NAIROBI - Calling Somalia "the new front for Al Qaeda and extremists groups," Prime Minister Omar Shamarke warns that without more support from the international community, the country's fragile government may fall to an increasingly radicalized insurgency.
In an interview with ABC News, Prime Minister Shamarke says the ongoing violence in the war-torn country has taken a decidedly international turn. A large in flow of Al Qaeda-backed foreign fighters coming into Somalia has made the country "uncontrollable," says the Prime Minister. He says his moderate Islamist government, which has been in power for less than six months, needs international help to make it a fair fight.
"We don't have an edge in terms of capability and that's why we have requested this international emergency help to salvage the country," says Shamarke. "We cannot prevail on these extremist groups when they have Ak-47s, and other weapons and we only have Ak-47s."
In a memo obtained by ABC News dated in May, U.S. officials requested an exemption to the arms embargo Somalia has been subject to for the last 17 years. The memo requests permission to ship 19 tons of ammunition including small arms, RPGs and mortars directly to Somalia's Transitional Federal Government forces. It states, "In light of the on-going fighting in Mogadishu, this emergency support is needed to ensure the continued war fighting capacity of the NSF [National Security Force] and the survival of the TFG."
The Somali government claims there are thousands of foreign fighters in the country coming primarily from Pakistan and Yemen to fund and fight along side al Shabaab, the country's primary insurgent group. African Union officials working with the mission in Somalia, known as AMISOM, have also said they think the number of foreign fighters within Somalia could be in thousands, but U.S. officials believe the number to be smaller.
Despite differences in opinion of the exact number of extremists present, the Somali government and the United States are in agreement over their concern that this government may fall to al-Shabaab and other insurgent groups, who now control the majority of the country.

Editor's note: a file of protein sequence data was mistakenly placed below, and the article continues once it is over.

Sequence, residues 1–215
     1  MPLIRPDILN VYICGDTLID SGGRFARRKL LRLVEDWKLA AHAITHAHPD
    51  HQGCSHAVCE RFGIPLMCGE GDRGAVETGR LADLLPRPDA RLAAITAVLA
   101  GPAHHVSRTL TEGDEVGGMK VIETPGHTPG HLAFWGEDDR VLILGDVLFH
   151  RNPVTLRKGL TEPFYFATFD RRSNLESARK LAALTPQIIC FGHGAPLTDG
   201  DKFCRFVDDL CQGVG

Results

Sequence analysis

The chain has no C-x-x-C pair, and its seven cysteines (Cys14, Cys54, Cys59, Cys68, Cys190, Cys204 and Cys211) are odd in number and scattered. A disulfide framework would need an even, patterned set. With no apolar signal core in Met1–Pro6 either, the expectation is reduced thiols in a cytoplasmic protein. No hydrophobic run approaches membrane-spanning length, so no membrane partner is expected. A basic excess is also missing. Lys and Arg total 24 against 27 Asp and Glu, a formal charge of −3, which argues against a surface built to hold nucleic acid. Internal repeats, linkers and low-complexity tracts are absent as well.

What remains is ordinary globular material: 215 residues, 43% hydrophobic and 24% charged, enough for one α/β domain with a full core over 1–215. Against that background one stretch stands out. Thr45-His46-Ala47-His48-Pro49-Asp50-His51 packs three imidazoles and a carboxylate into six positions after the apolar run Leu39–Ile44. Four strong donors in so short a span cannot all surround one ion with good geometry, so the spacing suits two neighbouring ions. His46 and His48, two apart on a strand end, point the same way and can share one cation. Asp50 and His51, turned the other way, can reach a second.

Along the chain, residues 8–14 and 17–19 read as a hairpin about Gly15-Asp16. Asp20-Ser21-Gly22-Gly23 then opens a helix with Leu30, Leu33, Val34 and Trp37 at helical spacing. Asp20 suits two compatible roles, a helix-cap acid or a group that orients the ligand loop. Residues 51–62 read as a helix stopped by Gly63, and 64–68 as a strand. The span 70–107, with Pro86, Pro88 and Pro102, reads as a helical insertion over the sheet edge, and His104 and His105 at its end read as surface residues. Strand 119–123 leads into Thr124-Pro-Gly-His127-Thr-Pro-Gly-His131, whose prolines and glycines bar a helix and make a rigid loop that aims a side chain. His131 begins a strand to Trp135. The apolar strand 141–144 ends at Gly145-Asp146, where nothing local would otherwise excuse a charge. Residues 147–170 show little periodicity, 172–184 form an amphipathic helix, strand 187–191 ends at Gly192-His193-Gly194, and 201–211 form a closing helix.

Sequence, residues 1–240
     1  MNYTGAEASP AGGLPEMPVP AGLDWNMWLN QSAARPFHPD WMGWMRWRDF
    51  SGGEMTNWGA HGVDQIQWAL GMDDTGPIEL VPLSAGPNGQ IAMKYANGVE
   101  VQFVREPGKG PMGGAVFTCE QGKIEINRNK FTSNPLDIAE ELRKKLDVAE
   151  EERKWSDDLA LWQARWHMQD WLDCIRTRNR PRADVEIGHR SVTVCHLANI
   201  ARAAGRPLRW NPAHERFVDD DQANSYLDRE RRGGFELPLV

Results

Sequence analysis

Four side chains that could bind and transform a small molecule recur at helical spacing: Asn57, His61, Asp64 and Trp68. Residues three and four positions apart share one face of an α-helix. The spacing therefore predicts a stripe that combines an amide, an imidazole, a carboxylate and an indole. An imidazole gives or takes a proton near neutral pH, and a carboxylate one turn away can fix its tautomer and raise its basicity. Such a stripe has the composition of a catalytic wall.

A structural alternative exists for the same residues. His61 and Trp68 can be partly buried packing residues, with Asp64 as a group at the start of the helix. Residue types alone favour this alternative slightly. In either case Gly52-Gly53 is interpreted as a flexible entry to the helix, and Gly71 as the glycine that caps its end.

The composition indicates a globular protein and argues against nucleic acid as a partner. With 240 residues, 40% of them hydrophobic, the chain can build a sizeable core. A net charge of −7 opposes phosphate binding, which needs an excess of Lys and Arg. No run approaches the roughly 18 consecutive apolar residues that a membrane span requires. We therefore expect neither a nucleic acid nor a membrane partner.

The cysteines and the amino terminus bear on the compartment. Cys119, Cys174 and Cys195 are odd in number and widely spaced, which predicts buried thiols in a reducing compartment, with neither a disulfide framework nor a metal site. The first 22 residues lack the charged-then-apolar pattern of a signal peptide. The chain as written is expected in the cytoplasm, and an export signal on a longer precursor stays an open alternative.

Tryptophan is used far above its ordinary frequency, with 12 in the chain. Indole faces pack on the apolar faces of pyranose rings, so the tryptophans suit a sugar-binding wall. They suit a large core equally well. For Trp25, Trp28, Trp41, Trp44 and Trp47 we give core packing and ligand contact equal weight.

"We do not want to see Somalia become a safe haven for foreign terrorists," a Senior State Department official told reporters. "And we believe that one of the best ways to prevent that is to help the TFG establish itself as a strong, legitimate government."
But Somalia has not had a functioning government in nearly 20 years. The country has no system of justice, no infrastructure and no established rule of law. The government forces have had little to no training and there are reports that in the past troops have sold weapons and supplies to insurgent groups.
Prime Minister Shamarke does not dispute those reports, but says al-Shabaab is exploiting them for it's own agenda. "They know when people here that most of our weapons have fallen into the hands of these people, people will say don't give weapons to the government. And that's actually the objective, to create some sort of suspicion or distrust with the people who want to assist us," he says.
The fighting between government forces and insurgent groups has intensified since May, with the insurgent groups launching an offensive and the government countering, causing a humanitarian disaster. More than 200,000 Somalis have fled Mogadishu in just two months according to the UN's refugee agency.